Rebecca responded to an urgent social media appeal by Little Sprouts back in March, seeking help to deliver packed lunches to local children who would at that time have normally received free school meals.
- She quickly began working as part of a team of seven volunteers at The Community Hub in Thornaby, involved in distributing food parcels to families in need.
- Since March, Little Sprouts has distributed more than 9,500 food parcels and helped around 500 local families, a feat made possible through the selfless support and commitment of volunteers such as Rebecca.
- The registered charity was able to use money provided by The National Lottery Community Fund to set up a base in one of the most deprived wards in England.
- Little Sprouts also runs a café and kitchen in Stockton providing meals for people on low incomes and offering support to those dealing with mental health issues, addictions and other social problems.
- They also work from a community centre in Yarm collecting in surplus food from supermarkets and businesses to distribute to families and other voluntary, community and social enterprise organisations.
Rebecca, a Senior Lecturer in Education in the University’s School of Social Sciences Humanities & Law said: ‘When I saw the social media appeal, little did I know how big it would become. It went from helping children on free school meals to supporting a much wider audience.’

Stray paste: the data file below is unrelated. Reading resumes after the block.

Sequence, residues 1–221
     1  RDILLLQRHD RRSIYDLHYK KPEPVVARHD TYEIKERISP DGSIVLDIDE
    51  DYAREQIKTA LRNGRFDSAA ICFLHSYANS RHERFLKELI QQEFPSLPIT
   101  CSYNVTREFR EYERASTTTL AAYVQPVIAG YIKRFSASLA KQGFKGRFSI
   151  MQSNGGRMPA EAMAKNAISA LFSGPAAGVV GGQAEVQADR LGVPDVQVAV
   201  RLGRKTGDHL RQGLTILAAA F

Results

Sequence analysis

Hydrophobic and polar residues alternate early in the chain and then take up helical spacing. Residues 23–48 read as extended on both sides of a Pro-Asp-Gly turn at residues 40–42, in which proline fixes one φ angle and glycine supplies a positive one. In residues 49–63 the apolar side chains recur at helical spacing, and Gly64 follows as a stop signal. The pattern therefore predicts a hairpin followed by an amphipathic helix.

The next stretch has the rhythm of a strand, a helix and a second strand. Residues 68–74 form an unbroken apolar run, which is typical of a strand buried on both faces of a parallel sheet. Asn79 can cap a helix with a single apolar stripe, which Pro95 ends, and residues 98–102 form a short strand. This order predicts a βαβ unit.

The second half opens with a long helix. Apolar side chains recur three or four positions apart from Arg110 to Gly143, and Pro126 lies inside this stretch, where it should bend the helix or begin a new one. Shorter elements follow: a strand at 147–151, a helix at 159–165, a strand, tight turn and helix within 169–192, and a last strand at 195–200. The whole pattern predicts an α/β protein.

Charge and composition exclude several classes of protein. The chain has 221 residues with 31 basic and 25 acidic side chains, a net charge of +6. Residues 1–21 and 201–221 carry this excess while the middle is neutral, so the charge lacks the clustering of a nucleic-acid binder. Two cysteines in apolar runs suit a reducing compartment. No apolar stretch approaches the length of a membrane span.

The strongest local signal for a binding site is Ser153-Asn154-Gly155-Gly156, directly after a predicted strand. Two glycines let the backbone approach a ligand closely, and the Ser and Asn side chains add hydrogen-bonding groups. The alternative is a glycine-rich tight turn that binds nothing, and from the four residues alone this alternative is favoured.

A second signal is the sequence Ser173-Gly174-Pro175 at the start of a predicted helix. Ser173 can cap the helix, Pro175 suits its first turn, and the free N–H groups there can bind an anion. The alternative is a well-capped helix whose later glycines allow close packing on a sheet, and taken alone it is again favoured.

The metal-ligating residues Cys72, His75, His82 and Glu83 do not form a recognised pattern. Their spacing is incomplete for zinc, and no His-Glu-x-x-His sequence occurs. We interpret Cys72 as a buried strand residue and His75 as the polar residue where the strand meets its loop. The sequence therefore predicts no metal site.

Debbie Fixter, co-founder and manager of Thornaby based Little Sprouts, said: ‘We needed to act quickly when lockdown was introduced, so we issued a shout-out for volunteers and Rebecca was the first person to contact us.
‘What started out as distributing free school meals very quickly showed a gaping hole of need in the local community, compounded by Covid-19.’
Rebecca added: ‘I have been amazed at the impact such a small charity, which relies on donations, can have on the community. Supporting Little Sprouts has been very rewarding.
‘Just the small presence we have had based in the community hub has made a difference to some families and I am so proud to have been a part of it. Poverty is not just about limited money; it seeps into every area of a person’s life and can be debilitating.’
Debbie, a Teesside University BSc (Hons) Nutrition graduate, said: ‘It can be heart-breaking to see the difficulties which local people face on a daily basis, when all they’re trying to do is get by and look after their families.
‘Our volunteers have gone above and beyond to help, and we’re so pleased that we were able to adapt to the situation and find new ways of helping people during lockdown.’
For more information, visit the Teesside University website.